6 Russian Hackers Facing Allegations of Offensive Cyber Campaigns Such as the 2017 NotPetya Wiper Attacks

The U.S. Department of Justice made a statement concerning the indictment of 6 Russian hackers for taking part in the 2017 NotPetya malware attacks and a long record of offensive cyber schemes on many targets in the US and other nations around the world.

The six folks are alleged to be GRU members. GRU is Russia’s Main Intelligence Directorate, in particular GRU Unit 74455, which is also called as Sandworm. The Sandworm unit is thought to be behind numerous offensive cyber activiites that happened within many years.

Sandworm is believed as being a key player in initiatives to influence foreign elections, which include the French Presidential election in 2017 and the U.S. presidential election in 2016. One of the most damaging offensive campaigns was the NotPetya malware attack in 2017. The wiper NotPetya was employed in harmful attacks across the world that took advantage of the Microsoft Windows Server Message Block (SMBv1) vulnerability.

NotPetya impacted several medical clinics and hospitals. Data were wiped out and computer systems were taken out of action. NotPetya hit the pharmaceutical firm Merck, FedEx subsidiary TNT Express and Danish shipping corporation Maersk. The cost of the attack on Merck was approximated to be $1.3 billion. The total cost of damages brought about by the malware is over $10 billion and more than 300 firms globally were affected.

Sandworm was likewise responsible for attempts to interrupt the 2018 Winter Olympics by utilizing the Olympic Destroyer malware. The hackers made an attempt to disturb the investigation of the Novichok poisonings of ex – Russian spy Sergei Skripal , which was being conducted by the Organization for the Prohibition of Chemical Weapons and the U.K.’s Defense Science and Technology Laboratory.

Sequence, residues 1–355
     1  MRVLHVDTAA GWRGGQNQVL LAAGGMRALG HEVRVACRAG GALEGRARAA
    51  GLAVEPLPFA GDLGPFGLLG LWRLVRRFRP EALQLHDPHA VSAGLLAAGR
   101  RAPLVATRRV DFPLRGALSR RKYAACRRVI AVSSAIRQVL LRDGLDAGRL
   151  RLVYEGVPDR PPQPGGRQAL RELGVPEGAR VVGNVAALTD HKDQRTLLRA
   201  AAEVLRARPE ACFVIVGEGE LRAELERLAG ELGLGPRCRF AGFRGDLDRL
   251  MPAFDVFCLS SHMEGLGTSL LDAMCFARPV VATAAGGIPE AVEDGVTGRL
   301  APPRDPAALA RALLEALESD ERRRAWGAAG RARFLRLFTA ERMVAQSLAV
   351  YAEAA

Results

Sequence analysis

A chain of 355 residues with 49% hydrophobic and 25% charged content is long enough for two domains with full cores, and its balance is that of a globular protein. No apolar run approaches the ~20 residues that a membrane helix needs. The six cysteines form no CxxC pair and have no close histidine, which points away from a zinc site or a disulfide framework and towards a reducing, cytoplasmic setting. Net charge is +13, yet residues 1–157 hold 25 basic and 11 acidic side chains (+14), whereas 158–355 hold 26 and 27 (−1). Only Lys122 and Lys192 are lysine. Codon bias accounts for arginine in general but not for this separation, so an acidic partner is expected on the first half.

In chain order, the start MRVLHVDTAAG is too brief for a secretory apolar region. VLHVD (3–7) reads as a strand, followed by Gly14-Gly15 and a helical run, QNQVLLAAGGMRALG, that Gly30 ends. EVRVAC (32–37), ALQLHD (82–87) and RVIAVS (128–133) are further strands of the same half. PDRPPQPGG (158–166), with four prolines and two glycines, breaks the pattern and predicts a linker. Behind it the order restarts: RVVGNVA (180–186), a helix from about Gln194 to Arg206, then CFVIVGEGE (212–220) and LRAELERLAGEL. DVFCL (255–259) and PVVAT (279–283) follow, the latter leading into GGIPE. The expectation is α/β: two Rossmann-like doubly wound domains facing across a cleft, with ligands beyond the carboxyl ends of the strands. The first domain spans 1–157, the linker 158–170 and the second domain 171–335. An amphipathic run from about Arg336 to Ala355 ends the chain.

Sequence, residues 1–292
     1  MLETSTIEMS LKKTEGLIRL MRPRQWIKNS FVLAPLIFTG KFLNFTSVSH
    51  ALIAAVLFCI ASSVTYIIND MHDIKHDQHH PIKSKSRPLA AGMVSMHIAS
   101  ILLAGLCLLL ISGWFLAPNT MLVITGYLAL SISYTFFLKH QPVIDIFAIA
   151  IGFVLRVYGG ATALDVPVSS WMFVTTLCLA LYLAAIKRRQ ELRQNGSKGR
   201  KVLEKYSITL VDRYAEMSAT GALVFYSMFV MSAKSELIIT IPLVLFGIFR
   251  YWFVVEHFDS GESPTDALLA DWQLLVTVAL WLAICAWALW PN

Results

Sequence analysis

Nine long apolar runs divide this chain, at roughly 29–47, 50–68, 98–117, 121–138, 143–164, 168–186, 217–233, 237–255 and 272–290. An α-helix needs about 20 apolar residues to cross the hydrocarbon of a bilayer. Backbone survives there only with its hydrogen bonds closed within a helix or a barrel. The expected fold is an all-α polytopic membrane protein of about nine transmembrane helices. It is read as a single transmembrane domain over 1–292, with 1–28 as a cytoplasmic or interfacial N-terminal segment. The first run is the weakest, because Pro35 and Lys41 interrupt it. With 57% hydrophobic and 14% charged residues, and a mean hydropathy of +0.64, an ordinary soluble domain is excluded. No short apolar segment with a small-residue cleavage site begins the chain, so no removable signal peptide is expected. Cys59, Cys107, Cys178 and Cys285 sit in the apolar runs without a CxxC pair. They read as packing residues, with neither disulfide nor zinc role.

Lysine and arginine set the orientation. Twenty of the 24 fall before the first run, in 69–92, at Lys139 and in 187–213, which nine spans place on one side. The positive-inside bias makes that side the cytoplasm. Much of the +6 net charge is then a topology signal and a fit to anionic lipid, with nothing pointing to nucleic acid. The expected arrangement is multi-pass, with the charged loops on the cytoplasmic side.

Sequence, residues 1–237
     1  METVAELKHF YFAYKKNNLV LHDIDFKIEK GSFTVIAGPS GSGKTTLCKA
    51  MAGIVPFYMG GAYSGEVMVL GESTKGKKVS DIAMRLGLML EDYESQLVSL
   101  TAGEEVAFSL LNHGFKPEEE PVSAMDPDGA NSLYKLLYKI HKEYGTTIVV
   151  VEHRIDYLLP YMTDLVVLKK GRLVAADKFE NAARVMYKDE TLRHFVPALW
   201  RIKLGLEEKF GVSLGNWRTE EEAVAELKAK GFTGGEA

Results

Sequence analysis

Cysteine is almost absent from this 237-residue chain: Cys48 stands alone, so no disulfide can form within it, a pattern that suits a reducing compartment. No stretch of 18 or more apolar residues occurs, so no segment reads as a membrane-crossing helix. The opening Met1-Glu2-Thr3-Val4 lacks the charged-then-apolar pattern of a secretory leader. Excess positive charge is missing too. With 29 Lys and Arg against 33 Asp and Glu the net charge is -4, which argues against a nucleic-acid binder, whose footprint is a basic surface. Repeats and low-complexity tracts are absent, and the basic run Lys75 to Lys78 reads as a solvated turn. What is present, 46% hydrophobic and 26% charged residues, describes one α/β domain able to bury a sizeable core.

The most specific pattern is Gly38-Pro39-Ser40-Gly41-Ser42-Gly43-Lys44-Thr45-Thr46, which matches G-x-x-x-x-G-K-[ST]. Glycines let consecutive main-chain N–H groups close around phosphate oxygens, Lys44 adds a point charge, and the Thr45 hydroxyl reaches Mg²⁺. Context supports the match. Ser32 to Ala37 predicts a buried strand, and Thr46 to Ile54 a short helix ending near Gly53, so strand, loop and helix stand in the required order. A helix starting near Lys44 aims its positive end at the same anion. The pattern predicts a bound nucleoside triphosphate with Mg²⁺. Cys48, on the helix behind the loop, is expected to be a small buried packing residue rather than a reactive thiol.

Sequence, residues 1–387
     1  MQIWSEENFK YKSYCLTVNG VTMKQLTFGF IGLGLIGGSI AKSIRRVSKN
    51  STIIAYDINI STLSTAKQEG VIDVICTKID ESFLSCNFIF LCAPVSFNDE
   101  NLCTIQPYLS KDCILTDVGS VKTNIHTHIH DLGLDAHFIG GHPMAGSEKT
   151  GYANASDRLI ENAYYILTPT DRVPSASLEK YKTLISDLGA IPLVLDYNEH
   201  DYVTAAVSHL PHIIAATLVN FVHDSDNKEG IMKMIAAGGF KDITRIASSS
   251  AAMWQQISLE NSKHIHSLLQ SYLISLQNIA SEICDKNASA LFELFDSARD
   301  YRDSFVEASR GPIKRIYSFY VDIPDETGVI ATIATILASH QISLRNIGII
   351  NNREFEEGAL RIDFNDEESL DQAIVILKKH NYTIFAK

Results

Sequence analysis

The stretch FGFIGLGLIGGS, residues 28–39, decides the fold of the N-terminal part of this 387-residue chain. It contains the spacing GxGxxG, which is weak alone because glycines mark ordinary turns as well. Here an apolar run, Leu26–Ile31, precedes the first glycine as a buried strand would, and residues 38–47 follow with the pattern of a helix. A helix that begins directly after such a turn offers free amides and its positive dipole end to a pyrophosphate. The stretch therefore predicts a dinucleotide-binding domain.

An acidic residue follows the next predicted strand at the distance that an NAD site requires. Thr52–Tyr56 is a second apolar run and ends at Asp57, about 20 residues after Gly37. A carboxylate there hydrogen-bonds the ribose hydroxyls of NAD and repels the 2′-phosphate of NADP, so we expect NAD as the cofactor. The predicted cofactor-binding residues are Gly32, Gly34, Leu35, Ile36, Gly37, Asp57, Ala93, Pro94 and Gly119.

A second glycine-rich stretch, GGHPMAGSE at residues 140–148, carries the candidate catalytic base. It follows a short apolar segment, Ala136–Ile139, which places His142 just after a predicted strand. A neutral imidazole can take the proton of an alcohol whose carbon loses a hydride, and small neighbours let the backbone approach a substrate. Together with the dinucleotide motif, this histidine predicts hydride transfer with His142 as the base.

Sandworm was likewise behind the detrimental attacks on Ukraine’s energy grid from December 2015 to December 2016 and other government targets utilizing BlackEnergy, Industroyer and KillDisk malware, in conjunction with attacks on government entities and corporations in Georgia in 2018.

The alleged Russian agents are Sergey Vladimirovich Detistov, Pavel Valeryevich Frolov, Yuriy Sergeyevich Andrienko, Artem Valeryevich Ochichenko, Petr Nikolayevich Pliskin and Anatoliy Sergeyevich Kovalev. All of them were charged with 7 counts including:

  • one count of conspiracy to commit wire fraud
  • one count of conspiracy to commit computer fraud and abuse
  • two counts of wire fraud
  • one count of intentional damage to a protected computer
  • two counts of aggravated identity theft, with false registration of domain names

The greatest potential sentence in case found guilty on all counts is 71 years in jail. The indictment furthermore comprises information of the specified roles each defendant did in the attacks, affirmed the precise nature of the intelligence obtained on each one person by intelligence bureaus, foreign governments, police authorities, and private organizations.

Russian has replied by denying any participation in the cyberattacks linked to the attackers. A Russian embassy spokesperson in Washington stated that Russia doesn’t and didn’t have reasons to partake in any form of destabilizing activities around the globe.

It is impossible that the indicted hackers will ever face a trial because there’s no extradition treaty between the United States and Russia.